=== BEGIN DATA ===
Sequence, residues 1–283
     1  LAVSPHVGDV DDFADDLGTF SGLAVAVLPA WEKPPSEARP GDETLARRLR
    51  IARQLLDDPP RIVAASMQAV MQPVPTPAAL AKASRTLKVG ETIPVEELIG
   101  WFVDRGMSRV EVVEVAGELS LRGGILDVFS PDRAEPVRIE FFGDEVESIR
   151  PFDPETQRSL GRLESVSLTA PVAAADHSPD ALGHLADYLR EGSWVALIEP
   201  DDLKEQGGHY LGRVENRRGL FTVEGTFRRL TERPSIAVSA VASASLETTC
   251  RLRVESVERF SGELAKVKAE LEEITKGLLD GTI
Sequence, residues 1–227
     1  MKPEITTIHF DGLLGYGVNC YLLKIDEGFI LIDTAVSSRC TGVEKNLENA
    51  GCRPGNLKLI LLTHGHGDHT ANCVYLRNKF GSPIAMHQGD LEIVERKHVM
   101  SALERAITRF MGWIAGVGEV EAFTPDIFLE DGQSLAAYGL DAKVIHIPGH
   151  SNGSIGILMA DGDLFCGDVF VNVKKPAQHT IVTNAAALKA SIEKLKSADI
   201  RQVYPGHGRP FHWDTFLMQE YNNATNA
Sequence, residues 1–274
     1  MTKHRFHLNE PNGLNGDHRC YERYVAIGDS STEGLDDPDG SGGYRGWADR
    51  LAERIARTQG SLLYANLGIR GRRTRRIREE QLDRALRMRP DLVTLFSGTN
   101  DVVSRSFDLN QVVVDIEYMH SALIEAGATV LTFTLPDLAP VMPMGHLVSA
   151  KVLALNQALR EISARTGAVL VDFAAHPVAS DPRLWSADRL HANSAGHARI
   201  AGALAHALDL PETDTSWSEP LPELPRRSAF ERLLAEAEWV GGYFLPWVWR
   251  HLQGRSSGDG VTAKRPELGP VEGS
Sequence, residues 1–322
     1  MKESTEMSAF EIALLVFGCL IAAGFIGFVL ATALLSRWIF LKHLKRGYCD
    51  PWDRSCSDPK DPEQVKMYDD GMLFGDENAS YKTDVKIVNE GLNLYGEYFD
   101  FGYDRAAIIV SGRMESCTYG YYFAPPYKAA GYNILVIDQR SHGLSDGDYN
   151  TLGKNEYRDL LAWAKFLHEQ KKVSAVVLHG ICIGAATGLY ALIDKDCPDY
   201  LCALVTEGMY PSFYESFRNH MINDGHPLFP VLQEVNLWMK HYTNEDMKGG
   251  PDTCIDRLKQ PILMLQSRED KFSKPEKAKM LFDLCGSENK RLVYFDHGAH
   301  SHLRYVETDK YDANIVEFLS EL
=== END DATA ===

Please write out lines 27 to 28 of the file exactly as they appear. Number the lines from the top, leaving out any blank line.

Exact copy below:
   251  PDTCIDRLKQ PILMLQSRED KFSKPEKAKM LFDLCGSENK RLVYFDHGAH
   301  SHLRYVETDK YDANIVEFLS EL